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I need to cite a work from antiquity that has no known date, using natbib and author-year citations. The best suggestion I've found is to write the citation using "n.d." (no date) for the year of publication, but putting that into by bibtex file renders an ugly citation without periods:

(Author nd)

when what I'd like is:

(Author n.d.)

Wrapping it in curly braces ("{n.d.}") doesn't seem to help with the in-line citation (though it works in the bibliography).

How can I force BibTex to render the date in an in-line citation with punctuation?

Example .bib

    Author = {Aristotle},
    Booktitle = {Works of Aristotle},
    Title = {Categoriae},
    Year = {{n.d.}}}

Example LaTeX



Lorem ipsum dolor sit amet \citep{aristotle}, consectetur adipiscing elit.


(Ugly, incorrect) output

Lorem ipsum dolor (Aristotle, nd) sit amet.

Aristotle (n.d.). Categoriae.
share|improve this question
It seems that apalike.bst strips everything from the contents of the year field except for the last up to four letters or digits. The culprit is the function calc.label; if the call to purify$ is removed, then n.d. is accepted (as it consists of four characters). – egreg Jul 19 '12 at 15:18
up vote 9 down vote accepted

The function calc.label in apalike.bst is responsible of this: it strips away all non alphanumeric characters and keeps the last up to four characters remaining.

If you copy apalike.bst to myapalike.bst and change the function defined in lines 896-912 to become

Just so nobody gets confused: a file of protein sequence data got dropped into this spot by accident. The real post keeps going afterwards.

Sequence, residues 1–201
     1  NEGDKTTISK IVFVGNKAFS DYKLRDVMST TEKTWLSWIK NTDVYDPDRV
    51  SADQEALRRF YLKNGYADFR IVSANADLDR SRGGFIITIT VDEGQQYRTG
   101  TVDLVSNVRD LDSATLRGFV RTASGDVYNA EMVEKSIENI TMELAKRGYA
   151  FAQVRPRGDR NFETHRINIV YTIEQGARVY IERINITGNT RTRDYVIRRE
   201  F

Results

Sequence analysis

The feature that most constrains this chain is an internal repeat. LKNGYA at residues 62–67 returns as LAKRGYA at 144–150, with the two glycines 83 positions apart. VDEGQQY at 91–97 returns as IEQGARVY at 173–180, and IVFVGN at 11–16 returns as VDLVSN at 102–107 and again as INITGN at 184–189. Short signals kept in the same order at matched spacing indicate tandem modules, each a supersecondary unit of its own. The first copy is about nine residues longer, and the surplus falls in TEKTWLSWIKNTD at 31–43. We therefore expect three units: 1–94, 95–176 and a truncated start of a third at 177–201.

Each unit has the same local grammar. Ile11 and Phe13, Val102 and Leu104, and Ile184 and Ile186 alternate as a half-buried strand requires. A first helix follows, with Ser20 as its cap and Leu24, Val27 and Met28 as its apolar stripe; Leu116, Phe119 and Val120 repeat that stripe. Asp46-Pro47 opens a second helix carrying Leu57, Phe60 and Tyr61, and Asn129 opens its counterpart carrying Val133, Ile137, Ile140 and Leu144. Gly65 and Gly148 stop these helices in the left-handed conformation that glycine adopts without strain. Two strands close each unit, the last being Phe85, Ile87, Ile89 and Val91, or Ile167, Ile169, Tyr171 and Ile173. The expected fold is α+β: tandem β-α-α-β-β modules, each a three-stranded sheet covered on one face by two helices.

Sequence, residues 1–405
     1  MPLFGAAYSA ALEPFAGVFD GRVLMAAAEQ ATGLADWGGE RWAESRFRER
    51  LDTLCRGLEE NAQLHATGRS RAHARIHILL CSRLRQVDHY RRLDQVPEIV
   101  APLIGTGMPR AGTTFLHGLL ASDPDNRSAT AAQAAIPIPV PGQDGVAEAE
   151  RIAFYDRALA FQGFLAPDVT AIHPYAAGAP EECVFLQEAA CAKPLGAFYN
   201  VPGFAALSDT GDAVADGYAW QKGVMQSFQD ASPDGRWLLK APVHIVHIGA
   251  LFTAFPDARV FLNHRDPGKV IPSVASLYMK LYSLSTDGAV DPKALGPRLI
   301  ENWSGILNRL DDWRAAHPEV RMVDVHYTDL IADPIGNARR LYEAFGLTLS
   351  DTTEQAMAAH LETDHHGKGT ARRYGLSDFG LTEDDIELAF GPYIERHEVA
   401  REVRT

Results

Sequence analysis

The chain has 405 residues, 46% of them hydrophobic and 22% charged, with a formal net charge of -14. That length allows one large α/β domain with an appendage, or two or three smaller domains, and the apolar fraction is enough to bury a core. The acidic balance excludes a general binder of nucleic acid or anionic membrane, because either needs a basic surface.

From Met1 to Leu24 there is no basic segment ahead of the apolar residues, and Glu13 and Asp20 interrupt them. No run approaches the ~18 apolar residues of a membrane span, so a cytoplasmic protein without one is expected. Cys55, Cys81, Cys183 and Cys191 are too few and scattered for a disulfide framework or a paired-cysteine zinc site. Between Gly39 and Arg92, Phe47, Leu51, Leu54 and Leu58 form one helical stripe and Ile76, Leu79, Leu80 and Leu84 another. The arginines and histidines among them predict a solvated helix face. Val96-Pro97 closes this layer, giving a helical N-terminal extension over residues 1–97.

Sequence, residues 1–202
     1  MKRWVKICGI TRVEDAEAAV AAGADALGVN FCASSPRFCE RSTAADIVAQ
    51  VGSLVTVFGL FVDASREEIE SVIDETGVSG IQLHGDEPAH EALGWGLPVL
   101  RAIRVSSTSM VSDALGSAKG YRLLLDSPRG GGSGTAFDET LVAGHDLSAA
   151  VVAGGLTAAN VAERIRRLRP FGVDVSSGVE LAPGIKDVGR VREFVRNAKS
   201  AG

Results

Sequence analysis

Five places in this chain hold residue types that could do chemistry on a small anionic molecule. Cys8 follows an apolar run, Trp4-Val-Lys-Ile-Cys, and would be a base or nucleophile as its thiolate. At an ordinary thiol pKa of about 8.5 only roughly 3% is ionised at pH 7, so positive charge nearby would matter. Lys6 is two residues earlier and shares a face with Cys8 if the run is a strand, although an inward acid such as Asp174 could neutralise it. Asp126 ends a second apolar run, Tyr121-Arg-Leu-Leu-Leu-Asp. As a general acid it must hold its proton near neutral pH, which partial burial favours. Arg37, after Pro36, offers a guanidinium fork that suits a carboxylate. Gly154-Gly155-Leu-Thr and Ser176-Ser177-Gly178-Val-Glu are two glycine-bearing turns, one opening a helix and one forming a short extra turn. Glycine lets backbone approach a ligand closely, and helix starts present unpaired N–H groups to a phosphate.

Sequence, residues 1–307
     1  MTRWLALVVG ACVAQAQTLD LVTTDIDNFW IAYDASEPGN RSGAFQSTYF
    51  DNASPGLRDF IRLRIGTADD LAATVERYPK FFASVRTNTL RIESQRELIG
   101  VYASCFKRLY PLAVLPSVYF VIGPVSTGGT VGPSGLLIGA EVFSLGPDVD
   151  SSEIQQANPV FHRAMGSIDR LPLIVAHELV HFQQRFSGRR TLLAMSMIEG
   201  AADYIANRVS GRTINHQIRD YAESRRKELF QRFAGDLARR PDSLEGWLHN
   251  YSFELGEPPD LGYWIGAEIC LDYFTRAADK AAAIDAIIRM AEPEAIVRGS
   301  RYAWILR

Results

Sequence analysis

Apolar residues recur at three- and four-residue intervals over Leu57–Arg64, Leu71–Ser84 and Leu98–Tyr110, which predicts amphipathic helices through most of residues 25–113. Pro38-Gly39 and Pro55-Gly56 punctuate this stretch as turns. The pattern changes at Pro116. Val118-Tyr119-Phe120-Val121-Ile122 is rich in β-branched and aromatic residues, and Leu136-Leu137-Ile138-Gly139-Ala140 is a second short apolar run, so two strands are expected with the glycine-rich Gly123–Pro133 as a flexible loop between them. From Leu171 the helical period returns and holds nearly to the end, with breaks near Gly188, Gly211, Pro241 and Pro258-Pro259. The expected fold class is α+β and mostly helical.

FUNCTION {calc.label}
{ type$ "book" =
  type$ "inbook" =
    { type$ "proceedings" =
        'editor.key.label                       % apalike ignores organization
        'author.key.label                       % for labeling and sorting
  ", "                                                  % these three lines are
  *                                                     % for apalike, which
  year field.or.null #-1 #4 substring$          % uses all four digits
  'label :=

then \bibliographystyle{myapalike} will accept year={n.d.} as you wish: it consists of four characters, after all!

The change consists simply in removing the string purify$. I can't say if this may have adverse effects on other entries; but, as long as you have only years or n.d., all should go well.

share|improve this answer
Ah, excellent. That feels like a bit of a hack, but it definitely gets the job done. Thanks! – Doches Jul 19 '12 at 19:30
@Doches You should consider switching to biblatex. – egreg Jul 19 '12 at 19:42

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